25. Tennessee Titans: Christian Kirk, WR, Texas A&M. So close, yet so far from Calvin Ridley. A bit of a reach to take Kirk here, but Jon Robinson is building something special in Tennessee. Kirk won’t be supplanting Corey Davis as the Titans’ WR1 anytime soon, but he’ll definitely be a nice complimentary WR2 who will most likely excel in the slot over the long term.
26. Atlanta Falcons: Will Hernandez, OG, UTEP. A bit tough to find holes on teams picking this late, but you pick this late because you’re usually really close to a Super Bowl and are in the top tier within the NFL. Falcons take a guard because Dimitroff and Quinn understand trench play reigns supreme in the NFL. Not a bad place to devote resources to if you don’t have glaring holes elsewhere. WR is also a strong option, but with the top 3 off the board, the value doesn’t quite mesh with the pick point here.
27. New Orleans Saints: Mike Gesicki, TE, PSU. This kid is an absolute favourite of mine. He’s the best TE in the draft and he wrecked the combine, testing as a 99% percentile athlete. Fortunately, this is a situation where the athletic traits match the on-field performance. As a Michigan fan, I repeatedly seen Gesicki high-point passes from Trace McSorely on a regular basis down the seam with ease. In my opinion, Gesicki has a lot of Tyler Eifert in him. Brees is going to love this new addition.
28. Pittsburgh Steelers: Rashaan Evans, ILB, Alabama. This is a pick made strictly off the loss of Ryan Shazier. Obviously, I wish Shazier nothing but the best in his rehab going forward, but you don’t typically play in the NFL following incomplete spinal cord injuries coupled with spinal fusion surgery. Certainly a very tough loss. Rashaan Evans goes to the Steelers here, immediately supplanting Vince Williams and Sean Spence in the process. Steelers could also go safety here, but I found it tough to find a safety worthy of late first consideration outside of Evans’ teammate, Ronnie Harrison.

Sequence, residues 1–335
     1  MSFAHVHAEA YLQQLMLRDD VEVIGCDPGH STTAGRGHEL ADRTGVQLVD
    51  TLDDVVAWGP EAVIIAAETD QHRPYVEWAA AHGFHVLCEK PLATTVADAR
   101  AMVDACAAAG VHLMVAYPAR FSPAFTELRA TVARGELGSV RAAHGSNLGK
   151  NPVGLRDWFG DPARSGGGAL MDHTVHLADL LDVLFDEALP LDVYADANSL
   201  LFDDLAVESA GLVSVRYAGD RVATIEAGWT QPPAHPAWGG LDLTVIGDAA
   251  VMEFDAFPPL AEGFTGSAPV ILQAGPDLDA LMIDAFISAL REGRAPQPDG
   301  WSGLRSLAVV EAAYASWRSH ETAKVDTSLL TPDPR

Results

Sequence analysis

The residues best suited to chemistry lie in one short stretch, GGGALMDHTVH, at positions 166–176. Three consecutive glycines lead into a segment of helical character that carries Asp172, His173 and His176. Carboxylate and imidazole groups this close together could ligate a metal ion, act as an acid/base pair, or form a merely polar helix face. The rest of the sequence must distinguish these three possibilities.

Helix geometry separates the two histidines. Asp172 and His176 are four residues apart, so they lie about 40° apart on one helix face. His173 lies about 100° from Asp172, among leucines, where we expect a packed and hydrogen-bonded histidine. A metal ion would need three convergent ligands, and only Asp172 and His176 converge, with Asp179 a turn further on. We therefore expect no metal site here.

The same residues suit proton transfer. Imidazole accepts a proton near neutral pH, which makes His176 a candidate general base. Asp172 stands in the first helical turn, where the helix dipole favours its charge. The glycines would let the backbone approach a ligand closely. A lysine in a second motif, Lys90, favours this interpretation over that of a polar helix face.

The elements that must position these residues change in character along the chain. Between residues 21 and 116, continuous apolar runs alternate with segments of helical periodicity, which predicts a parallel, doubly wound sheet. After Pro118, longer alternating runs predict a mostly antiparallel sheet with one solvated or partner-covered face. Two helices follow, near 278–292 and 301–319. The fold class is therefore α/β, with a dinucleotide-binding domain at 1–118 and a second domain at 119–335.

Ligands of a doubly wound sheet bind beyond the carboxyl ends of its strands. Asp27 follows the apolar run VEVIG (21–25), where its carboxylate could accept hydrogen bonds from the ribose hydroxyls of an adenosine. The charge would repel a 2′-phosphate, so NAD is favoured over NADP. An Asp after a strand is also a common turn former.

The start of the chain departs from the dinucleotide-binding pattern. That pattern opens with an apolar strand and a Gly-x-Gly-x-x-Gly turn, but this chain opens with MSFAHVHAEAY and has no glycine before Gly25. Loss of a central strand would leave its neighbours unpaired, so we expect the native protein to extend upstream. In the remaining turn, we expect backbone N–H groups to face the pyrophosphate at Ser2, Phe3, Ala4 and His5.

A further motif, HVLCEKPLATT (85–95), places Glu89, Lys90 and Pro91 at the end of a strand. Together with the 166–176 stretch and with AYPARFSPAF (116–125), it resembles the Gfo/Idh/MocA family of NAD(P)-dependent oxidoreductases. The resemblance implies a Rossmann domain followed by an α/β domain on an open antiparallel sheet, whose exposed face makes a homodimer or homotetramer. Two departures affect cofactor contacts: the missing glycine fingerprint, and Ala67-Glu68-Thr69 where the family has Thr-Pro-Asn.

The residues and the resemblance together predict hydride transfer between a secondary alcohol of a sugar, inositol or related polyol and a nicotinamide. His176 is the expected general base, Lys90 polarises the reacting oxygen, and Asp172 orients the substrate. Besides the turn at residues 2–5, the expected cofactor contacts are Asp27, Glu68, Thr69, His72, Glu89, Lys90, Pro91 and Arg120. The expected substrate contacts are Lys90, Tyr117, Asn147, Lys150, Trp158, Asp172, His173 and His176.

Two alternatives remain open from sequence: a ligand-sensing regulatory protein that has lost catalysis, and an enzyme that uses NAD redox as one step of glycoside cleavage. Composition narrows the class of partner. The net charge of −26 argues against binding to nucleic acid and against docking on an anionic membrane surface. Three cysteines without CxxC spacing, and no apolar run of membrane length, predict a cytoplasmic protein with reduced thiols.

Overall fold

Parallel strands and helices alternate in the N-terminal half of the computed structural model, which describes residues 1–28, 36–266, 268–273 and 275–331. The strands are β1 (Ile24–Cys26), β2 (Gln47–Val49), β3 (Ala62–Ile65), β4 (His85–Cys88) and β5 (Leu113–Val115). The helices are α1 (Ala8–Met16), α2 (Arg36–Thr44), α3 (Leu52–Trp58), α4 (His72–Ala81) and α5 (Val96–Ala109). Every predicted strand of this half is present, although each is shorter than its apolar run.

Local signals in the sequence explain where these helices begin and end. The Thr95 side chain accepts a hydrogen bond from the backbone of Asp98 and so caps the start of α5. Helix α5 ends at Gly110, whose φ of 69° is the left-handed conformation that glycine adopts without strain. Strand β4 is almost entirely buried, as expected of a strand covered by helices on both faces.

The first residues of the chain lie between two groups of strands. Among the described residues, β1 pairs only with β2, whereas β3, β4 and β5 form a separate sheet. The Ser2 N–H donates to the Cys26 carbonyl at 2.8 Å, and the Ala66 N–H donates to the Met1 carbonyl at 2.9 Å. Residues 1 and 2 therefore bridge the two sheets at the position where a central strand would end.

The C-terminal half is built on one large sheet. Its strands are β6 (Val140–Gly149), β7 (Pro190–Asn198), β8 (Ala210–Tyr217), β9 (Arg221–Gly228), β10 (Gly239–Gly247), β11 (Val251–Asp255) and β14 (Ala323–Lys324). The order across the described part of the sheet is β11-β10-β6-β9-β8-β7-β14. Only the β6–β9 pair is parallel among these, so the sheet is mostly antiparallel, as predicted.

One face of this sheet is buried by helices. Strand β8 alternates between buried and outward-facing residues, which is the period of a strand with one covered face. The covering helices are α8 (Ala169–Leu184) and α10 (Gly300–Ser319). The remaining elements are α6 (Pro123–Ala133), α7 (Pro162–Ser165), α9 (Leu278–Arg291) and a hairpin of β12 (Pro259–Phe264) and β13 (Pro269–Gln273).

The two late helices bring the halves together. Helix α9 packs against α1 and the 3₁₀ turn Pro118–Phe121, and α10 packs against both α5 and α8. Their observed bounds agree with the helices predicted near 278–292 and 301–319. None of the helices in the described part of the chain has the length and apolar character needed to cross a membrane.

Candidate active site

29. Jacksonville Jaguars: Dallas Goedert, TE, South Dakota State. This is a Jaguars team that greatly overachieved last season, but with the coming losses of Allen Robinson and Aaron Colvin, you get the sense GM David Caldwell can go anywhere with this pick. Slight reach here? Probably. But Bortles needs to be put in position to continue his success. If Dede Westbrook and Allen Hurns can stay outside and stretch the field, everything short and intermediate will open up for Goedert to contribute in a big way his rookie season.
30. Minnesota Vikings: Leighton Vander Esch, ILB, Boise St. Bit of a speculation pick here as I think the Vikings eventually landing Kirk Cousins will not allow for them to resign either one or both of their big-time ILBs – Anthony Barr and Eric Kendricks. Rick Spielman looks to the future to ensure his vaunted defense doesn’t skip a beat when the inevitable happens.
31. New England Patriots. Isaiah Oliver, CB, Colorado. Patriots nab a dropping CB who is capable of going higher to replace the departed Malcolm Butler and repeatedly-torched Eric Rowe. Belichick will get the most out of Oliver, taking advantage of his size to match-up well with the opposition’s WR1.
32. Philadelphia Eagles: Kolton Miller, OT, UCLA. Eagles take the best OT available here given Jason Peters’ frequent injuries the last few years. Once again, good teams continue to build their team from the trenches, outwards.